Android Desk VoIP/SIP Phones:  4 Future Use Cases

May 3, 2016

Historically used as a cost-saving measure, rather than being selected for its positive capabilities, manufacturers and Service Providers have — for the most part — failed to seriously market or capitalize on Android’s unique capabilities as desk-phone firmware.  This may be starting to change, however, as some phones, like Jablocom’s Raven, are explicitly marketed as ‘smart’ desk phones, and other manufacturers (including Panasonic) shift their future SIP phones over to Android.  Although not likely to be a game changer for manufacturers hoping to boost flagging sales, Android desk phones nevertheless provide interesting functionality and possibilities for business users, and Service Providers adopting them as CPE should be aware of and market these capabilities going forward.

Initially presented as high-end, beautiful, touch-screen devices, VoIP/SIP desk phones using Android as the operating system started appearing on the market in the early 2010s.  In recent years a new wave of Android models has emerged, with releases of the phones becoming more regular and in some cases emerging as the flagship lines for their manufacturers (see Fanvil and Jablocom).  These phones incorporate many of the features of a smartphone (including browser support) and are typically the highest-end and most expensive models offered by the manufacturer.  This “second generation” of phones, and their potential use-cases and applications for VoIP Service Providers, will be discussed below.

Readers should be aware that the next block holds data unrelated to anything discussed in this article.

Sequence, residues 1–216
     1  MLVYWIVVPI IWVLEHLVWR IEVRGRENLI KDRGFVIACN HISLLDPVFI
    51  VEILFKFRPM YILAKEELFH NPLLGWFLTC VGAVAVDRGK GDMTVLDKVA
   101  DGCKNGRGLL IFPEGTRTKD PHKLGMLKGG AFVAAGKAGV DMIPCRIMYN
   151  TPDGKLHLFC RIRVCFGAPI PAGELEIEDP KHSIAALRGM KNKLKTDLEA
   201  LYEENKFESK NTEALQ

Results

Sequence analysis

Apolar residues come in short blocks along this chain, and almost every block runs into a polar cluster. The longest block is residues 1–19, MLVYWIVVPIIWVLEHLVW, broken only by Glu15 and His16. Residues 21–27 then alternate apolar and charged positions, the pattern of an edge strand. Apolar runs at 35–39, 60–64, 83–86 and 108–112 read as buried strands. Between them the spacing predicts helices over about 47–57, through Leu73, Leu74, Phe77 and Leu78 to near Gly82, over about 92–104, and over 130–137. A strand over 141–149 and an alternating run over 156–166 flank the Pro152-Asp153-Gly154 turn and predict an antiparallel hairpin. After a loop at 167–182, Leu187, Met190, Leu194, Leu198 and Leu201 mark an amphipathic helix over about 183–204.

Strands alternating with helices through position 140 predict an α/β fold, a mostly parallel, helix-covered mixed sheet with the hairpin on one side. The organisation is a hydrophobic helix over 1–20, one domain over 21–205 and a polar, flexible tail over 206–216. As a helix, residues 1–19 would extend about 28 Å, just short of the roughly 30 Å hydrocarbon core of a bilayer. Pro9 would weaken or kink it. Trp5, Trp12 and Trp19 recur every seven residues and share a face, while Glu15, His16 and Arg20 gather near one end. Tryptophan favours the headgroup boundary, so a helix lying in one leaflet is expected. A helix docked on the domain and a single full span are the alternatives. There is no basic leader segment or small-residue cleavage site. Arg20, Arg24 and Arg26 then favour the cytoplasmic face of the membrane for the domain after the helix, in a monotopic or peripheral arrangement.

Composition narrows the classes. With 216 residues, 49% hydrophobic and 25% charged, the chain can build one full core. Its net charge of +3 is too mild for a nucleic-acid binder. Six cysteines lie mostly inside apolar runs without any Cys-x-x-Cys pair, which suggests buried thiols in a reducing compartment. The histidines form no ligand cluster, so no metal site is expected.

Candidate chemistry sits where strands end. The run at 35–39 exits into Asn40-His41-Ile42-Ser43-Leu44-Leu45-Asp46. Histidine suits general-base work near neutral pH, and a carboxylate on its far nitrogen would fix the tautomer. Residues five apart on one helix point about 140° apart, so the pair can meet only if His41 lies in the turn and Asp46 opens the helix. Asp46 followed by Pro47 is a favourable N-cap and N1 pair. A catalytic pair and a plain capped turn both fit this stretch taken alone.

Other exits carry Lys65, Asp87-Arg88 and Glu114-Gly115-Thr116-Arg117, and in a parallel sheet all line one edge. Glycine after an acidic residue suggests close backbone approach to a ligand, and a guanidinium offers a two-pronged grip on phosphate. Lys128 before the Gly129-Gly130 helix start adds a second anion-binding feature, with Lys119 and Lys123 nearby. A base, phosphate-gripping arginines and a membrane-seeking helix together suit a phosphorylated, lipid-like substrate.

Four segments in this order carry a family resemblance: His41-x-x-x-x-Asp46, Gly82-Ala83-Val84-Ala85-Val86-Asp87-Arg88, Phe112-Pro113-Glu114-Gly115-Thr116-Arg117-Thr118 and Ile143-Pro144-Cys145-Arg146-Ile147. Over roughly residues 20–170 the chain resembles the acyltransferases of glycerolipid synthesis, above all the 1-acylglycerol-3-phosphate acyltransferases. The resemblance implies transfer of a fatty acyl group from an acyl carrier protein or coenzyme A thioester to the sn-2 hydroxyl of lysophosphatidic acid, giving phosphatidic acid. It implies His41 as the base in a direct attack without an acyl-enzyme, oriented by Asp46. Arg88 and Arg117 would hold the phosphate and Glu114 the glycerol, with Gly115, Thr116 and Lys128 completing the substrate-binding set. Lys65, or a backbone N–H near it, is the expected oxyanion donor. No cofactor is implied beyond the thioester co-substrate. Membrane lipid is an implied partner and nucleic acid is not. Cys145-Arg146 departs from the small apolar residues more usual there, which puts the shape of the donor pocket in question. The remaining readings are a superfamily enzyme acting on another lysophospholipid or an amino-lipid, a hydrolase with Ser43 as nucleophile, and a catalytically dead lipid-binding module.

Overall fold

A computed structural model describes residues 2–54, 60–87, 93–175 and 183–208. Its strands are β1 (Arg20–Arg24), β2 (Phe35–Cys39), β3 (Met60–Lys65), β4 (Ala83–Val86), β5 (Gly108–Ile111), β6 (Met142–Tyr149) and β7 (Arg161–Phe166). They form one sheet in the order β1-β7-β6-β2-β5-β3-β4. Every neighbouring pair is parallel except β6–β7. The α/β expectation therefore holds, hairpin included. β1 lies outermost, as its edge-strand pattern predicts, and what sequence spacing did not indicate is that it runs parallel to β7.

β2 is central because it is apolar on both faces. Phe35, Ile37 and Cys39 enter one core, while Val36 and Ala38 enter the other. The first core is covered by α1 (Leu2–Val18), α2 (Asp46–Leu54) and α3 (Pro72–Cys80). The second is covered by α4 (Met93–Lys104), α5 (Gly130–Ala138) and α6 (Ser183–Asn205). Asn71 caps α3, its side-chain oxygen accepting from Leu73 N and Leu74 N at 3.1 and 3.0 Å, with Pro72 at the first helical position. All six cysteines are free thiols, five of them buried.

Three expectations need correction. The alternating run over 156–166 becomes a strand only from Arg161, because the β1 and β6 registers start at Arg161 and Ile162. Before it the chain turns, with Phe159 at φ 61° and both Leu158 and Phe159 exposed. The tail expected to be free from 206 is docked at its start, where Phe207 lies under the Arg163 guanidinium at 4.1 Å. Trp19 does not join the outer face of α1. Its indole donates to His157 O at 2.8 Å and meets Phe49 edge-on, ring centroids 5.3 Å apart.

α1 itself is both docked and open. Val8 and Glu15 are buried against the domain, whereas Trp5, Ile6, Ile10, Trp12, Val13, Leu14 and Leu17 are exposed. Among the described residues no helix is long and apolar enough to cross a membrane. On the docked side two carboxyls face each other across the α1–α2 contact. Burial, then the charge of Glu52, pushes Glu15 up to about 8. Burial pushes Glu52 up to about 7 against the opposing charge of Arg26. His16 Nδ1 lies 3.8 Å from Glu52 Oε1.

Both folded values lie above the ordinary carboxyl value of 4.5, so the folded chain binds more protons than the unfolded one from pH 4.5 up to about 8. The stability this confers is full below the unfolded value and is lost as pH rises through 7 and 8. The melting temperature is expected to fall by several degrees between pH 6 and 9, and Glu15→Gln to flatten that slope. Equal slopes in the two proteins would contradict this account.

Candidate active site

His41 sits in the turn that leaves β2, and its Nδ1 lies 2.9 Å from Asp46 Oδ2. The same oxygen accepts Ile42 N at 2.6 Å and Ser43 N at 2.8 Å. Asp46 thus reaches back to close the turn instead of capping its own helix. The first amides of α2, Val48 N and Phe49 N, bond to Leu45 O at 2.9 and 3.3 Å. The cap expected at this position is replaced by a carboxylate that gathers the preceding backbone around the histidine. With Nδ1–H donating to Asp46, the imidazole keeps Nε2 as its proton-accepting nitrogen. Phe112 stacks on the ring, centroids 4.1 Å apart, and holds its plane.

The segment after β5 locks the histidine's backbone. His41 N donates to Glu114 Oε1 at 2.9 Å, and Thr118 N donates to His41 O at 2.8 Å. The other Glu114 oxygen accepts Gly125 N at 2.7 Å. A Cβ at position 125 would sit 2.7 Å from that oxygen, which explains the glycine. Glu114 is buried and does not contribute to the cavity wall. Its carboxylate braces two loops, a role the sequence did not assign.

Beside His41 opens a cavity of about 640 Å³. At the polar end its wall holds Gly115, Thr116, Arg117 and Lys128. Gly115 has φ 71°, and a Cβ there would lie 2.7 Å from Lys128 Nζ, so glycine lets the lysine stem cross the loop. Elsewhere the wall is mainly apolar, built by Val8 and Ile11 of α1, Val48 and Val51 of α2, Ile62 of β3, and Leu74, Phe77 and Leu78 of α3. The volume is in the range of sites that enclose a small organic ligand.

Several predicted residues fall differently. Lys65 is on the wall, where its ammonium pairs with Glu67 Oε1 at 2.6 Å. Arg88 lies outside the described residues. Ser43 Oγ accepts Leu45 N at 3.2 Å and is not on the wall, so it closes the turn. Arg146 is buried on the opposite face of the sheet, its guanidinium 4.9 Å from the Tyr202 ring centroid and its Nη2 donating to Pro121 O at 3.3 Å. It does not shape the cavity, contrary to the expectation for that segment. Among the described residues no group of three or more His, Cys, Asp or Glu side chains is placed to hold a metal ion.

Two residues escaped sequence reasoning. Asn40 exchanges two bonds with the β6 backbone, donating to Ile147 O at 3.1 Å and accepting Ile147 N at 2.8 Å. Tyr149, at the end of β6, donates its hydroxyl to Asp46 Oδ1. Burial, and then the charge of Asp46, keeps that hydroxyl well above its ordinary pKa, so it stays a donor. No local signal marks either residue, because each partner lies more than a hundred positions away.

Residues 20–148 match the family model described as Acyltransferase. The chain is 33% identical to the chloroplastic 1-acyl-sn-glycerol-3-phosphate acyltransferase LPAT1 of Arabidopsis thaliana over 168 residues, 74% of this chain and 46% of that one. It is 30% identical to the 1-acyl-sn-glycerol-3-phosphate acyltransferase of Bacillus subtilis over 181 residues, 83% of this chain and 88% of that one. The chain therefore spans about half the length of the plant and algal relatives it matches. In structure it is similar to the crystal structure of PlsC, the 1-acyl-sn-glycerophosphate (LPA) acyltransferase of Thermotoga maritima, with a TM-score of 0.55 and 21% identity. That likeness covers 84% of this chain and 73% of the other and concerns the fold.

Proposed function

That phone makers would adopt Android for its touchscreen and video capability is hardly surprising – it is simpler and easier to modify existing, highly robust phone software and piggyback off of the enormous Android developer community than it is to develop similar software from the ground up.  This is particularly true for smaller manufacturers whose resources are limited, and historically we do indeed see Android phones appearing most commonly on the line-ups of companies that occupy the mid to low range of the price/quality spectrum.  As more manufacturers become aware of Android’s potential for desk phones, however, its adoption will spread (and indeed, is already spreading), and we will see the following use cases marketed more and more:

Video Calling and Conferencing